Hi everyone, when I need to cut long pieces of wood or boards, I find my circular saw awkward to keep straight, especially when I have to start leaning across the workpiece to get to the far side. I don't have a proper workbench, just an old Black & Decker workmate stand that I can clamp the pieces to. Now, If I could find way to mount my circular saw under the workbench, so I could feed the work through it, I think that might be a solution. Yes, I could go and buy a table saw, but storage space is at a premium and I'm not sure I would use it enough to justify the cost. Any thoughts would be welcome.
"Any thoughts would be welcome."
All I can offer is my experience. I looked at the Triton table saw in early 2000 when I owned a large 230mm Hitachi circular saw that I thought would be fantastic for it. A friend owned a Triton table saw and he allowed me to try the Hitachi inverted.
In the end the Hitachi was simply never designed to be inverted and I think this goes for a lot of other saws. My friend owned a dedicated Triton saw designed for the table.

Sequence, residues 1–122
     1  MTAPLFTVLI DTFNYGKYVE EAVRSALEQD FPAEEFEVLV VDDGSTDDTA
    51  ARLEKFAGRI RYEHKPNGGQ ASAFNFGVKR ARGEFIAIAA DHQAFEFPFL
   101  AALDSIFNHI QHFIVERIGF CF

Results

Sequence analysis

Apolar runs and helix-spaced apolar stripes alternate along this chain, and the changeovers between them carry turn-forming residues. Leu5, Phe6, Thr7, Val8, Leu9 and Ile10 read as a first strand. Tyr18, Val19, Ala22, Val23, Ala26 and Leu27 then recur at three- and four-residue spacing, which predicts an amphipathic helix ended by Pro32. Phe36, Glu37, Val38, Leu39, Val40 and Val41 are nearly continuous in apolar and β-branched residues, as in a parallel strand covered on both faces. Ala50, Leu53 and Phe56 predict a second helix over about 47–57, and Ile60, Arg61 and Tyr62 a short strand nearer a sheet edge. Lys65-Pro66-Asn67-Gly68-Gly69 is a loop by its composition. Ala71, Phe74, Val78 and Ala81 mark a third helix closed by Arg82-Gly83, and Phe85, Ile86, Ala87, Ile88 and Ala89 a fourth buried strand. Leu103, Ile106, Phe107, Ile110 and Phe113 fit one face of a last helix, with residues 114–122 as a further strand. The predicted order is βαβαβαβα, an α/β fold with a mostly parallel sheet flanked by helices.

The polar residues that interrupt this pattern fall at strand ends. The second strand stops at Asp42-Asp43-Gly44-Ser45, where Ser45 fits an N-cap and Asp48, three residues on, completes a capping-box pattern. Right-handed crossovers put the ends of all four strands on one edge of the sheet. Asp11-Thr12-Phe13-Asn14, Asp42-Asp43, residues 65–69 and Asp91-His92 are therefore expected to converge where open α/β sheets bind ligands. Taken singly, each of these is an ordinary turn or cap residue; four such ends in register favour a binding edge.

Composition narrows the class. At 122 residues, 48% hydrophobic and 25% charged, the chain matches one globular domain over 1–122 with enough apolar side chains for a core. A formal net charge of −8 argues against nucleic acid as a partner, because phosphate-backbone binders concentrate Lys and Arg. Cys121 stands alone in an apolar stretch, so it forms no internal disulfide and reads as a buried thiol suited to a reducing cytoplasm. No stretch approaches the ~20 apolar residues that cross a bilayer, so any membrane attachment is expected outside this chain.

I played with something like what you mention above (workmate stand) but in the end, too unstable and dangerous. I eventually purchased a cheap second hand table saw. Never looked back. I would consider an Ozito table saw - for starters, rather than an ad hoc system.
Thanks for the quick feedback Graeme, you are right about the workbench being a touch unstable! Anyway, I have been checking some of the other discussion threads and the Ozito keeps popping up. Apparently it's nothing special, but it is cheap and, for the occasional user like me, does the job adequately. Time for a trip to Bunnies to have a touch and feel. Cheers.
Welcome to the Bunnings Workshop community @VulcanJohn. It's marvellous to have you join us, and many thanks for your question about building a table saw.
I'm going to jump on the safety bandwagon and recommend purchasing a table saw. Table saws scare the hell out of me, even at the best of times. You certainly don't want one mounted on a table not designed for it.